As I re-watched Birdemic for the fourth time or so, seeing it in the theater twice, I reasoned that, sure, maybe Mr. Nguyen did not intend for his movie to be taken as a comedy, as Tommy Wiseau never intended The Room to be anything other than a great, personal drama, and the sting of such a failure must really hurt… but the amount of pleasure these movies have given to so many sold-out audiences is even better than what must have resulted if they had been successful. If Birdemic had been faithful to the director’s vision, it would have been a low-budget, B-grade disaster movie. The Room would have been a nothing-special indie flick about heartbreak. But, now? Now they’re phenomenally funny, endlessly quotable movies that make me smile and laugh when I remember them.
I have an autographed coat hanger from James Nguyen and have met most of the principal cast of The Room, including Mr. Wiseau himself. I love bad movies. I love them.
If you, too, are a lover of bad movies and cinematic failures, Fateful Findings will be perfect for you. It was a sincere effort to say something meaningful, obscured through bad writing, terrible performances and direction that never really found any sort of groove. The opening shot of the movie is pretty damn masterful and builds tension and you’re thinking that you might be watching a movie from a skilled craftsman, but immediately after that, the movie looks like an after school special from the 1980’s, and then the cinematography only gets worse from there. It’s like the quality declines and then does a reverse plateau somewhere near the bottom and flatlines from there until the movie is over.
Fateful Findings is good, very good, but not great. It won’t rank as highly as The Room, Birdemic or Troll 2 in years to follow. It just doesn’t have the personal auteuristic passion of a romance that had gone sour, obviously inspired by a real breakup. It doesn’t have the spectacular set-pieces involving birds that shit acid and explode when they hit buildings. And no one pisses on hospitality.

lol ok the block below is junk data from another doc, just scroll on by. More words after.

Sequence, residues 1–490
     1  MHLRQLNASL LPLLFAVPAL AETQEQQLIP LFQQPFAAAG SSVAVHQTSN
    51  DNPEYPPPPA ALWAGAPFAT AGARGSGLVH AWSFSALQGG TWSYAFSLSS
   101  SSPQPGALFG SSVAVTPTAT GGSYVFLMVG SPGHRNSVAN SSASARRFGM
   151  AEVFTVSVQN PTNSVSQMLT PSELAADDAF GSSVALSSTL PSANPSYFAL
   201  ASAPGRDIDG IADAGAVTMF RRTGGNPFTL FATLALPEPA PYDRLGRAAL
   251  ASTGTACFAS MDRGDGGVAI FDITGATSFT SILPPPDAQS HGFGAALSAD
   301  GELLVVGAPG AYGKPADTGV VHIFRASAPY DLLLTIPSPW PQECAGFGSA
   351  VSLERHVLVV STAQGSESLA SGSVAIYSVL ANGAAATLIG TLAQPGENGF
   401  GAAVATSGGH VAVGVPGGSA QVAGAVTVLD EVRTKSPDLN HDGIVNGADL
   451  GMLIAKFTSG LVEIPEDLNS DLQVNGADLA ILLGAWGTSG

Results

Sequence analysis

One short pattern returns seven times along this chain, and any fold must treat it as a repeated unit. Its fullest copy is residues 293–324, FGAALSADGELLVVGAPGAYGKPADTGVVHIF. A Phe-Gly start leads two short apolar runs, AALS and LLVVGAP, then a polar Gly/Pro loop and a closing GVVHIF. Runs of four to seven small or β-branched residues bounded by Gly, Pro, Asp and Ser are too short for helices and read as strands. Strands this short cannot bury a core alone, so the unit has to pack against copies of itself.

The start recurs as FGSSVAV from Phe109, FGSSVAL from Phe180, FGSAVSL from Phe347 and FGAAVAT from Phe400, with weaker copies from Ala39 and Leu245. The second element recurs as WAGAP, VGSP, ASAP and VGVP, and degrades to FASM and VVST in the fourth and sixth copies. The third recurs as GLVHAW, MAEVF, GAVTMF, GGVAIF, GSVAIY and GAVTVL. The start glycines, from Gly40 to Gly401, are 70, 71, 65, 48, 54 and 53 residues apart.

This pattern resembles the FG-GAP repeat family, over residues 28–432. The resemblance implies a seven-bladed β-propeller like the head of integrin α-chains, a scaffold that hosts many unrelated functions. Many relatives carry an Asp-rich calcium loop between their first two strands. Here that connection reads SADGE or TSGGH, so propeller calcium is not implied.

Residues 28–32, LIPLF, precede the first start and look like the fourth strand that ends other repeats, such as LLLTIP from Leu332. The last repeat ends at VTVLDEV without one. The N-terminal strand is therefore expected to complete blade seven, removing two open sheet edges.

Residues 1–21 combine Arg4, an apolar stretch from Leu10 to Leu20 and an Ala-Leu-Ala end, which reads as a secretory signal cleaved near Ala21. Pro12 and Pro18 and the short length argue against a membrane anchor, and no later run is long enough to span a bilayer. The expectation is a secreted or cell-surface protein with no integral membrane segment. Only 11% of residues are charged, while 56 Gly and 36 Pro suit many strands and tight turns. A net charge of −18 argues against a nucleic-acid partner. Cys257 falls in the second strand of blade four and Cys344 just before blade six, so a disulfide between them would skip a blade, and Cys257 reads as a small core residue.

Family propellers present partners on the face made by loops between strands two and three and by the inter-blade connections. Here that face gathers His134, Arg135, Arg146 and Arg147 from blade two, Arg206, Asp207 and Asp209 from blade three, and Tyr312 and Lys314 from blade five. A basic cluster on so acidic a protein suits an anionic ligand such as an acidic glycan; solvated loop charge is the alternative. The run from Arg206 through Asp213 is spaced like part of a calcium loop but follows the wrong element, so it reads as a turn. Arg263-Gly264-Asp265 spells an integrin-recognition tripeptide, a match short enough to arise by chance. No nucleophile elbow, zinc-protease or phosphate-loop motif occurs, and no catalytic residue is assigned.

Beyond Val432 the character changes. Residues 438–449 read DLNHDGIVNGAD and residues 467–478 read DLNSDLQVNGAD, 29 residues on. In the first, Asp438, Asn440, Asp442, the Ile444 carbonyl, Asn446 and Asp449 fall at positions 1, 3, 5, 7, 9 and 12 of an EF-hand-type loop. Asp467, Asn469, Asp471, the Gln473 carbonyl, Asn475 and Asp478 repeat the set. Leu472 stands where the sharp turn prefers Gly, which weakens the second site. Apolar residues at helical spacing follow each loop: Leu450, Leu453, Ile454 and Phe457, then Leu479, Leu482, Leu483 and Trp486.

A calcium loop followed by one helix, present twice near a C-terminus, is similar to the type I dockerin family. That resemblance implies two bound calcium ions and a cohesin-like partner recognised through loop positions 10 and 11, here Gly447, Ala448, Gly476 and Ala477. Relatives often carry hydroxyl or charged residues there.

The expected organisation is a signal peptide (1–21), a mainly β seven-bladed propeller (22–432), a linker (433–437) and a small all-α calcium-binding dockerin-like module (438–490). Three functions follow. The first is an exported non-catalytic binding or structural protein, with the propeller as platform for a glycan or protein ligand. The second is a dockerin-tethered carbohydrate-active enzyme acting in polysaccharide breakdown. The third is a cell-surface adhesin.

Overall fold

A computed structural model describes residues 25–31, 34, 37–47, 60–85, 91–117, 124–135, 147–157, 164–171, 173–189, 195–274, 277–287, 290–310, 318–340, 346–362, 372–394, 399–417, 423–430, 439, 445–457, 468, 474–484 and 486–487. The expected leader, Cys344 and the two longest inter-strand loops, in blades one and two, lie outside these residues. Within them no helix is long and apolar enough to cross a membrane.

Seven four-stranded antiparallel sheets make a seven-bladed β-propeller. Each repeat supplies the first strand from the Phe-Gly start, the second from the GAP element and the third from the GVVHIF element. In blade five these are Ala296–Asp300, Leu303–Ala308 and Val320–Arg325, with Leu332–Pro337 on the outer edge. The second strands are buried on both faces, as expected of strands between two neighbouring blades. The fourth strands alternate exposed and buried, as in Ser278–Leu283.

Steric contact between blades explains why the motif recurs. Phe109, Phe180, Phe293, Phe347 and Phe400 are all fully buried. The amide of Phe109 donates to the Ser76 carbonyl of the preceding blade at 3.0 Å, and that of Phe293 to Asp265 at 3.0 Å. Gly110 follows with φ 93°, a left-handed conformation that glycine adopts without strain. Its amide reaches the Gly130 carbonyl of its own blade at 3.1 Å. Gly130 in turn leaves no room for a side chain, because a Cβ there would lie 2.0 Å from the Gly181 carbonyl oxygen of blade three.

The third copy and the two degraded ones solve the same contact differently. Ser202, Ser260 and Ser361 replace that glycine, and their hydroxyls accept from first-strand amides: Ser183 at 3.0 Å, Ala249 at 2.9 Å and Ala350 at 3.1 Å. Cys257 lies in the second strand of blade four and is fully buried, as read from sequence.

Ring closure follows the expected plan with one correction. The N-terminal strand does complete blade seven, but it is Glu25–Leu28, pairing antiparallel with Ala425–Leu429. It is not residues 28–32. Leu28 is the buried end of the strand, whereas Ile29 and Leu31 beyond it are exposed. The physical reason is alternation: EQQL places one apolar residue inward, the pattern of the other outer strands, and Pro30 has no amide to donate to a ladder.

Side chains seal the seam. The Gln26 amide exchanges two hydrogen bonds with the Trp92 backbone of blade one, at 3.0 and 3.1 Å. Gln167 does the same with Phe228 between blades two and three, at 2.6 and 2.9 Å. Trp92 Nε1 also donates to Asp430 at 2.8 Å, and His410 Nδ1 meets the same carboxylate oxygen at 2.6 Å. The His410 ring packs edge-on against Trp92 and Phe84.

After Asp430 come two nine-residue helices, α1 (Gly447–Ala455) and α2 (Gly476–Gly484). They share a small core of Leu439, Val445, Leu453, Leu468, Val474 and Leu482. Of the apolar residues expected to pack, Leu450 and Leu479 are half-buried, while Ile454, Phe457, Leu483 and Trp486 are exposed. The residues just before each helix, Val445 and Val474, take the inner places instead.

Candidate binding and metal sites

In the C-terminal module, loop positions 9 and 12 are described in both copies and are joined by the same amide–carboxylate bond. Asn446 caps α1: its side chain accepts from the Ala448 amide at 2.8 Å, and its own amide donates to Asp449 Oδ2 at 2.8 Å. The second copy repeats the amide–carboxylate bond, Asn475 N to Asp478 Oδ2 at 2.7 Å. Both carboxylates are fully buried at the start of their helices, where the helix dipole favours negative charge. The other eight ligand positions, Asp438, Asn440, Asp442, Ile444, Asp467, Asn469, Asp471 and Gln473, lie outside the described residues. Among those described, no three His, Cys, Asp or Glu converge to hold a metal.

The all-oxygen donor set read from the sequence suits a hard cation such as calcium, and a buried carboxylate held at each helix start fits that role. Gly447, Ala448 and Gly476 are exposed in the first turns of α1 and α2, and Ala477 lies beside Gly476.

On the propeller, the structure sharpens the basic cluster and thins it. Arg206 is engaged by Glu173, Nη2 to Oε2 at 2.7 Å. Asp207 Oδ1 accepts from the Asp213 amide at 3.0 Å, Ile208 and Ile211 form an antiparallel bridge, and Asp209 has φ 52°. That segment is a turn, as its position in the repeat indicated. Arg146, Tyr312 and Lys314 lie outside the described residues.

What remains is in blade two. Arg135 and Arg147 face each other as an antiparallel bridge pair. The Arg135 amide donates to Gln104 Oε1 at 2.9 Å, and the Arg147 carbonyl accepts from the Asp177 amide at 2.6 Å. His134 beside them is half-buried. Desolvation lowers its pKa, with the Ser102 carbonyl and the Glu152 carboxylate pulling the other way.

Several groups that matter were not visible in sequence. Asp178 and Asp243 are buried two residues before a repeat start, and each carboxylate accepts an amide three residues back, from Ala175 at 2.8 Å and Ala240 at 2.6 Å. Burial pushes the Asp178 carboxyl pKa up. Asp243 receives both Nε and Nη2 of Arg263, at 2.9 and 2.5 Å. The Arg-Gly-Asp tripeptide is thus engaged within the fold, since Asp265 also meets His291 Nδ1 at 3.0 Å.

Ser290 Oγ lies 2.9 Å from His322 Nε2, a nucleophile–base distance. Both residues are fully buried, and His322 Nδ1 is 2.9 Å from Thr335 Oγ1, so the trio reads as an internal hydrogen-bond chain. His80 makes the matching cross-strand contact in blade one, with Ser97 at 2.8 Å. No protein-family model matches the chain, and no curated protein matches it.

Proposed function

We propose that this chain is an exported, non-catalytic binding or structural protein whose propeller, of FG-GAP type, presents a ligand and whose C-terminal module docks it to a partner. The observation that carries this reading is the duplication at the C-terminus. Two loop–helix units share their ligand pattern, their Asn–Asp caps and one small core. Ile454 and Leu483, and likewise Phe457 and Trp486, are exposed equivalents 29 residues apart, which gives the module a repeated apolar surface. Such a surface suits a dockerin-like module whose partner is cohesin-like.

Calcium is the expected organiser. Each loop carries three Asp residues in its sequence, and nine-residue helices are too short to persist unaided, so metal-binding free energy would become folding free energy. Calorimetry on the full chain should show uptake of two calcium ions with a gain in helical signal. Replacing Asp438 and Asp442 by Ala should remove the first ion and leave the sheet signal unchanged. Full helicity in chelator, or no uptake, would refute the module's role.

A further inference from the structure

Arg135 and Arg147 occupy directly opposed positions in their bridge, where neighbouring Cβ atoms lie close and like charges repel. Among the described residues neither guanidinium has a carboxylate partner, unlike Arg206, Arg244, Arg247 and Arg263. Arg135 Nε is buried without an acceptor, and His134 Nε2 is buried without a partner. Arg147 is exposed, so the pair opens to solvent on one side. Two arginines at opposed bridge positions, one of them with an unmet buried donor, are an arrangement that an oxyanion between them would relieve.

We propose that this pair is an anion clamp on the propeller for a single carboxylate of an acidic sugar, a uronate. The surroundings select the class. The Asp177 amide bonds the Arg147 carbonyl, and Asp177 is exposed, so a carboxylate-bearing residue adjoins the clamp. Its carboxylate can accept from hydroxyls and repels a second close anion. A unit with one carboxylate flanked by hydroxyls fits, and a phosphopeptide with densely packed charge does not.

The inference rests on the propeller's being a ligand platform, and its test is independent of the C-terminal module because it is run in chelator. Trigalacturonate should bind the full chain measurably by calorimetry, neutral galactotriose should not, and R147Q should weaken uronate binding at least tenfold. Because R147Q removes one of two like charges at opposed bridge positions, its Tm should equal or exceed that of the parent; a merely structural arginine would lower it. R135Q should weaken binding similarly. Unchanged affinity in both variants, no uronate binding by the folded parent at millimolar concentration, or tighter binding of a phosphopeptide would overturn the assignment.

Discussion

“No more books!” is going to be the oft-quoted line from this movie, when our main character chucks a book he wrote at one of his five laptops that he utilizes for hacking “the most secret government and corporate secrets” despite never being on. He mostly just sits at a black screen and clacks away and nods, letting us know his efforts are successful.
Through a series of events including a pretty realistic looking car accident, our main character meets up with his childhood love, now working in the hospital he visits during his recovery. He mentions to her that he knew he was in love with her when they were 8 years old, which means I guess that they’re the same age, even though he’s gotta be at around 60 and she at least half that age. Because this movie was written and directed by the star, every woman in the movie seems to have a huge boner for him, everyone from his drug-addicted girlfriend to his former childhood love to the teenage neighbor… but he’s too honorable for that particular fling.
I’m unable to write a straightforward review for this movie because it doesn’t follow any sort of traditional narrative. I mean, it has a beginning, it has a middle, it has a climax and some sort of resolution at the end there, but the plot itself doesn’t make a whole lot of sense. There is magic and gems and floating vapors of ghosts and mysterious men with strange abilities, leading to a massive exposé on corruption, but how all of those things actually fit together is anyone’s guess. It could be argued that Neil Breen is employing some Lynchian, dreamlike logic to his movies and has created a low-budget surrealist masterpiece—the black gem of this movie is like the blue box from Mulholland Drive. If that’s the way you want to read into it, awesome.
If you have an interest in cult movies, watch Fateful Findings as soon as you can at your local grindhouse or when it inevitably becomes available on home video